According to this doctrine, work will only include uniqueness if at least a substantial amount of creativity is used in its formation. Although the level of creativity need not be extremely high, it must demonstrate a minimal level of creativeness to be protected by copyright.

The main issue raised in the case mentioned above is whether a collection, like a phone book, may be given copyright protection. The court ruled that although collections of information may be protected by copyright, individual facts, such as names and addresses, cannot.

The collection is copyrightable principally because of the original expression provided by the arrangement and the existence of at least some degree of originality.

In this instance, the court concluded that Rural’s directory lacked the essential degree of creativity for copyright protection. The directory lacked even the bare minimum of innovation required for copyright protection. As a result, Rural’s case was dismissed.

Doctrine of Merger in India

India adhered to the “sweat of the brow” concept for a long period. Still, following the Eastern Book Company & Ors vs D.B. Modak & Anr decision, the Supreme Court abandoned the doctrine. It adopted the “modicum of creativity” strategy used by the US.

In this case (Eastern Book Company & Ors vs D.B. Modak & Anr), the court introduced the idea of a “flavour of a minimum requirement of creativity.” The judgment clarified that the revisions and contributions made by the editors of SCC Online (Supreme Court Cases) to the legal rulings were protected by copyright.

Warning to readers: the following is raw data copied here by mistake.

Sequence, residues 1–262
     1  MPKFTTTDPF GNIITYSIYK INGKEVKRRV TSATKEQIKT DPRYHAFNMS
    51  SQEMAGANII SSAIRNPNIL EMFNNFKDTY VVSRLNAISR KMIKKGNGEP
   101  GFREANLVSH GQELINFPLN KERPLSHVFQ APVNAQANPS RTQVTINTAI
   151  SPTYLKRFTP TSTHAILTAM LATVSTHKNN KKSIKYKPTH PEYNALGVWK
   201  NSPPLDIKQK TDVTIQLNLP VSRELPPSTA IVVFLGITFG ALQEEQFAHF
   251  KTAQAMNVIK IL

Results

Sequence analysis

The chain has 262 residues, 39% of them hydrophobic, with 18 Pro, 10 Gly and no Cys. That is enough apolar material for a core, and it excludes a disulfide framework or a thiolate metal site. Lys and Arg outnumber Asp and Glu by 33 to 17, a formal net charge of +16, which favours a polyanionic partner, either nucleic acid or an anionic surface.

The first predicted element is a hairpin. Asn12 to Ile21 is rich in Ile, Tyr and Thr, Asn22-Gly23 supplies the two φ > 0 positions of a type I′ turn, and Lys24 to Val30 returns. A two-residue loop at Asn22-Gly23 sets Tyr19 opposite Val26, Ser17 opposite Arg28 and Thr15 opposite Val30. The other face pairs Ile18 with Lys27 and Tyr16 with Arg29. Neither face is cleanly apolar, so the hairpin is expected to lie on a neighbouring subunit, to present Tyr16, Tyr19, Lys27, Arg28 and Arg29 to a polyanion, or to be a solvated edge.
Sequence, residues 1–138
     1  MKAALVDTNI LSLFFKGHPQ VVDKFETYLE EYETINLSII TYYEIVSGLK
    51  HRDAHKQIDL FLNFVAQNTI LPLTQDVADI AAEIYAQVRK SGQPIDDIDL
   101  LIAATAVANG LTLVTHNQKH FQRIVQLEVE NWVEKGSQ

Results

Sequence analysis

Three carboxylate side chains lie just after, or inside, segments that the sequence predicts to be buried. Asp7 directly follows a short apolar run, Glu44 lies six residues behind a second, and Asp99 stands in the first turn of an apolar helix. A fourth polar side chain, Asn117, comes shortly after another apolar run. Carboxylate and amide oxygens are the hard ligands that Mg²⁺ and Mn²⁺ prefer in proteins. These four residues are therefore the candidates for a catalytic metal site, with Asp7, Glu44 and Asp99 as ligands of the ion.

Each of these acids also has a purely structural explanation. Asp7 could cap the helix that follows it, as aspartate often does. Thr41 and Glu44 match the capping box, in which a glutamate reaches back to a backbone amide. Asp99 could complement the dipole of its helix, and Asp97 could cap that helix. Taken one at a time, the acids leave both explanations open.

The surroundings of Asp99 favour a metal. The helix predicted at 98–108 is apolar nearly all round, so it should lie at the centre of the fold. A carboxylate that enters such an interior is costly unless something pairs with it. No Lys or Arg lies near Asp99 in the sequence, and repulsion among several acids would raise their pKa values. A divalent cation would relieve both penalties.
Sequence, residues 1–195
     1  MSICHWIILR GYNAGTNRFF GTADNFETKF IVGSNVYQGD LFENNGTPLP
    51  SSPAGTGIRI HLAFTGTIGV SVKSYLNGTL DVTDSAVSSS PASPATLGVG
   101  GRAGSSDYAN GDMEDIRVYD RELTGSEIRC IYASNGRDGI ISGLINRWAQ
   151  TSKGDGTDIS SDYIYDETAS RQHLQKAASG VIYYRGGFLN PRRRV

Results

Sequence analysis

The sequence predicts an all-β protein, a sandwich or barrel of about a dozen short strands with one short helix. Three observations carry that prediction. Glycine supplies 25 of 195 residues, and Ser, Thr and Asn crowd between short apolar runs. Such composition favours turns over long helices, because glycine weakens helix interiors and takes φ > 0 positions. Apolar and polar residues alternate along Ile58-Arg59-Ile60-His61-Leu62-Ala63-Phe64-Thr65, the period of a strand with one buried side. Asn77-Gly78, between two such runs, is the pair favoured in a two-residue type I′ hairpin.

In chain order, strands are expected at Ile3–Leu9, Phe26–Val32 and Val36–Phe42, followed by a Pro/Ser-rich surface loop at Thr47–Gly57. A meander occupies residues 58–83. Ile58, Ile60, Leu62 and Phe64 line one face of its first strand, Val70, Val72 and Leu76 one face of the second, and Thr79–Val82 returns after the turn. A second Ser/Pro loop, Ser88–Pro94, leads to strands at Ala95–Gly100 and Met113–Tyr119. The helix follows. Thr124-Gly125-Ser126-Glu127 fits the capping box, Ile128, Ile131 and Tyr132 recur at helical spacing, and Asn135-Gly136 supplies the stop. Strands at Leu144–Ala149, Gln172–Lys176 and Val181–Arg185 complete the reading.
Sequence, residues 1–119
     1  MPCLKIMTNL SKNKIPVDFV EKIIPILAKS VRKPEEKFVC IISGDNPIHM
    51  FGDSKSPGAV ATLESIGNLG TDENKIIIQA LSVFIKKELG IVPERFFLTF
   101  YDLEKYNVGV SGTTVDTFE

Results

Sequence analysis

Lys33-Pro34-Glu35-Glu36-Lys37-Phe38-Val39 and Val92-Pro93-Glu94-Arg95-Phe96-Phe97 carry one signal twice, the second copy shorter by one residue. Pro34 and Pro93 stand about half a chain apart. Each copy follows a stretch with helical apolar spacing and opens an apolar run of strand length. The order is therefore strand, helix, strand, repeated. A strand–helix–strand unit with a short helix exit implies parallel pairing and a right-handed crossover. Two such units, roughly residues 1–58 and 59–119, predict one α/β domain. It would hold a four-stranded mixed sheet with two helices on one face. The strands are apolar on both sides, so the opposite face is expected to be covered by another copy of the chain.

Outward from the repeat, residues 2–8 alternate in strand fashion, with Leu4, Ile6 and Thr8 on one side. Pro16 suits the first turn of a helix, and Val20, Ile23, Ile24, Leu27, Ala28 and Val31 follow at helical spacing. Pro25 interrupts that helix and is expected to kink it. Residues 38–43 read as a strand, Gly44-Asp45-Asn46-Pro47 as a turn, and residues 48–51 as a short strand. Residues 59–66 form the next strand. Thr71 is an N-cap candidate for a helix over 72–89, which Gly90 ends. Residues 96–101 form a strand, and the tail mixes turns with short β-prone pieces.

In conclusion, the theory of originality is vital in assessing whether a work qualifies for copyright protection. There is a widespread notion that uniqueness involves more than effort or labour, even if many countries have chosen different approaches and no consistent idea is followed.

The “sweat of the brow” philosophy, which is upheld in the UK and other countries, emphasises the use of skill and labour in a piece of work without necessarily needing a high degree of creativity.

However, a work must exhibit at least a minimal level of intellectual innovation to qualify for copyright protection under the “modicum of creativity” concept, followed in the US and India.

Eastern Book Company & Ors vs D.B. Modak & Anr case, which demonstrated the transition from the “sweat of the brow” theory to the “modicum of creativity” approach in India, shows the importance of creative expression in giving copyright protection. Even though some elements of a work, such as court rulings, may be in the public domain, the Supreme Court’s ruling, in this case, recognised that editors’ modifications and contributions might have the necessary level of creativeness to warrant copyright protection.

In the end, determining originality under copyright law is frequently arbitrary and based on each case’s particular facts and circumstances. Courts must balance ensuring that creative expression is adequately protected and preventing copyright from unnecessarily limiting access to knowledge and information already in the public domain.

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Gayatri Singh